A database of 47.5 Mn Indian users is being sold for $1000
The database was discovered by cybersecurity platform Cyble
Truecaller has denied that the database belonged to the app
In yet again incident of data theft, an unidentified individual is selling personal data of 47.5 Mn Indians alleged to be users of caller ID app Truecaller on the dark web, according to cybersecurity research company Cyble. The seller has priced the data at $1000 (INR 77K).
In its preliminary analysis, Cyble noted that the personal details were even categorised by state, cities and telecom carriers as well. “The actor must have spent a reasonable amount of time in organising this,” Cyble said.
In this incident of personal data compromise, details of users such as phone number, name, gender, city, email ID, Facebook account and telco were made available to potential buyers. Cyble said such a database may have a massive impact on users in India through spam, phishing scams, identity theft, among other illegal cyber attacks.
Meanwhile, Truecaller has denied the breach. A company spokesperson said, “There has been no breach of our database and all our user information is secure. We take the privacy of our users and the integrity of our services extremely seriously and we are continuously monitoring for suspicious activities.”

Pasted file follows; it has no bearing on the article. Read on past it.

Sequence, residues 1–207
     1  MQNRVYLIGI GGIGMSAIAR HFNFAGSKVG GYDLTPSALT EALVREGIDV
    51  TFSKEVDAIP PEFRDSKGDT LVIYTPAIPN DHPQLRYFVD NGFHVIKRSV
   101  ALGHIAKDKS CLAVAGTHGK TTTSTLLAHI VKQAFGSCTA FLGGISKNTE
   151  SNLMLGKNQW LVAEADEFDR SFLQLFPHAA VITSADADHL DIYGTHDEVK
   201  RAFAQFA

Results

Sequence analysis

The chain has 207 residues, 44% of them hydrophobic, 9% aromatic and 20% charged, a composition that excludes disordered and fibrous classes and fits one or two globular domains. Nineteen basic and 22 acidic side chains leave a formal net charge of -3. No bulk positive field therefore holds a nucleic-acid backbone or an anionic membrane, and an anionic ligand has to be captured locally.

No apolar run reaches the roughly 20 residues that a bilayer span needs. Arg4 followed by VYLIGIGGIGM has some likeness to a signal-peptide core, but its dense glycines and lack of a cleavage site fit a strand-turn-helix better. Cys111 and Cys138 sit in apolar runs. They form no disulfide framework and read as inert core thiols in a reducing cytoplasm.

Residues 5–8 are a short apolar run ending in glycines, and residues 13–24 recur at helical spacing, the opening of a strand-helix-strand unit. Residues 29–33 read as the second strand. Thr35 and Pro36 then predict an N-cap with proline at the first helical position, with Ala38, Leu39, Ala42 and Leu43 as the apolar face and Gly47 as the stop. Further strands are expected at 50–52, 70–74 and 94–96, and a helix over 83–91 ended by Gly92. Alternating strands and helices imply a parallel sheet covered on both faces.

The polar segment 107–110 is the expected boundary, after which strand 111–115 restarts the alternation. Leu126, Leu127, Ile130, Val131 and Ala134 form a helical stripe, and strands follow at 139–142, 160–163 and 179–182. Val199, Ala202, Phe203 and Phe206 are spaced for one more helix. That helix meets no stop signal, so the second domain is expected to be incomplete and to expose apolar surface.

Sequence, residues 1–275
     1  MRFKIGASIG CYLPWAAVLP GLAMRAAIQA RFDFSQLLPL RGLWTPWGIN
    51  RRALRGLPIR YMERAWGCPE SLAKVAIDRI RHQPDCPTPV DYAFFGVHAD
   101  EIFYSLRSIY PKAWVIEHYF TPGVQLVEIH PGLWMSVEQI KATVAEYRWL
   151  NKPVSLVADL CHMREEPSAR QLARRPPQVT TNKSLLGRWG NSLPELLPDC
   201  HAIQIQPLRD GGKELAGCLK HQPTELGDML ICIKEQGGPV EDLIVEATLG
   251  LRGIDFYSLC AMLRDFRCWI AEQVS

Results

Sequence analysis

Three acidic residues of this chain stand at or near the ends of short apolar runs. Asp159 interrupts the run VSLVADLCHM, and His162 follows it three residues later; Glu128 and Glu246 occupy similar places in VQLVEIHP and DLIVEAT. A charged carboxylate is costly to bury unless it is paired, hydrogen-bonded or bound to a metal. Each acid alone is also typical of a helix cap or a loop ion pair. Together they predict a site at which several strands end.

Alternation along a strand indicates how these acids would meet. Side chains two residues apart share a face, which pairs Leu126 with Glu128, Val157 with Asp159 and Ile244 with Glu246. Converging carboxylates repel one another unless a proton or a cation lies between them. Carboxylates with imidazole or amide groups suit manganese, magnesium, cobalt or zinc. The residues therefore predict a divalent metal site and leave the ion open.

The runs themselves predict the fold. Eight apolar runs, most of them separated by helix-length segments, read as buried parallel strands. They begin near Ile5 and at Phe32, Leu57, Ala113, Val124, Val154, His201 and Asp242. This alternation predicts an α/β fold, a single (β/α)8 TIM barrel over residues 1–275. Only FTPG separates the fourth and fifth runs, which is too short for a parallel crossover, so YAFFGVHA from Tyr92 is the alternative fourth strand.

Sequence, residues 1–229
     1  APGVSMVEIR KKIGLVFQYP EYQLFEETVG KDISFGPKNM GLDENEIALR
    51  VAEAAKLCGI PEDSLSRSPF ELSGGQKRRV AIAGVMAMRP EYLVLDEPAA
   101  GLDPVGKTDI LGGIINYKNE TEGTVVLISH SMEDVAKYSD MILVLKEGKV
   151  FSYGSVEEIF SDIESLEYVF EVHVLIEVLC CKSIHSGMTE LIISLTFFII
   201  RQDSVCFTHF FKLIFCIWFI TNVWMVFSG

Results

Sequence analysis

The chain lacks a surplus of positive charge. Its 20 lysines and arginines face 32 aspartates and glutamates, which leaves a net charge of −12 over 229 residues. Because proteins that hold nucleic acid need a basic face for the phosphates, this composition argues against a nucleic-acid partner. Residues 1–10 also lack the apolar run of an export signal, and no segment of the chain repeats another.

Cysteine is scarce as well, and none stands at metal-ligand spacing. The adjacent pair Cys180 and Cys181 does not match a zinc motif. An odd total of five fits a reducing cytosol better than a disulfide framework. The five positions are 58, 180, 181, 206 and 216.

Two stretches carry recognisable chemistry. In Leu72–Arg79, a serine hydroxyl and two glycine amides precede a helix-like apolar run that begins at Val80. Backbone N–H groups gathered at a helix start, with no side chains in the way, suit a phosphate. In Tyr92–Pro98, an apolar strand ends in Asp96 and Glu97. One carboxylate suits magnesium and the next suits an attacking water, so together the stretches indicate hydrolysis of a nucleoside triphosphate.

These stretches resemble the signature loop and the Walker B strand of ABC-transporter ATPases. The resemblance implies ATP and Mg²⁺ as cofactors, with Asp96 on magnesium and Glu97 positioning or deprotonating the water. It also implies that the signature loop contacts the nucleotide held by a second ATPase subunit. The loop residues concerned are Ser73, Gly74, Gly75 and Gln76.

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Moreover, Truecaller added that the company got to know about a similar data sale in May last year. The spokesperson added that the dataset is very similar to the last one. “It’s easy for bad actors to compile multiple phone number databases and put a Truecaller stamp on it. By doing that, it lends some credibility to the data and makes it easier for them to sell. We urge the public and users not to fall prey to such bad actors whose primary motive is to swindle the people of their money,” the spokesperson said.
Rising Cybersecurity Threats In Indian Market
According to the IT ministry, India witnessed 3.94 Lakh instances of cybersecurity incidents in 2019 alone. This data was reported to and tracked by the Indian Computer Emergency Response Team (CERT-In).
In the recent past, many Indian startups have faced the wrath of data thefts and breaches. For instance, an independent security researcher has discovered a database of 9.1 Mn Zoomcar users being sold on the dark web by an anonymous hacker.
Previously, personal data of users of startups such as Chqbook, Ixigo and Justdial have also found to be compromised. Inc42 had exclusively reported about a data breach which exposed data belonging to over 50K students studying in around 100 Indian schools which were clients of Gurugram-based online school management platform Skolaro.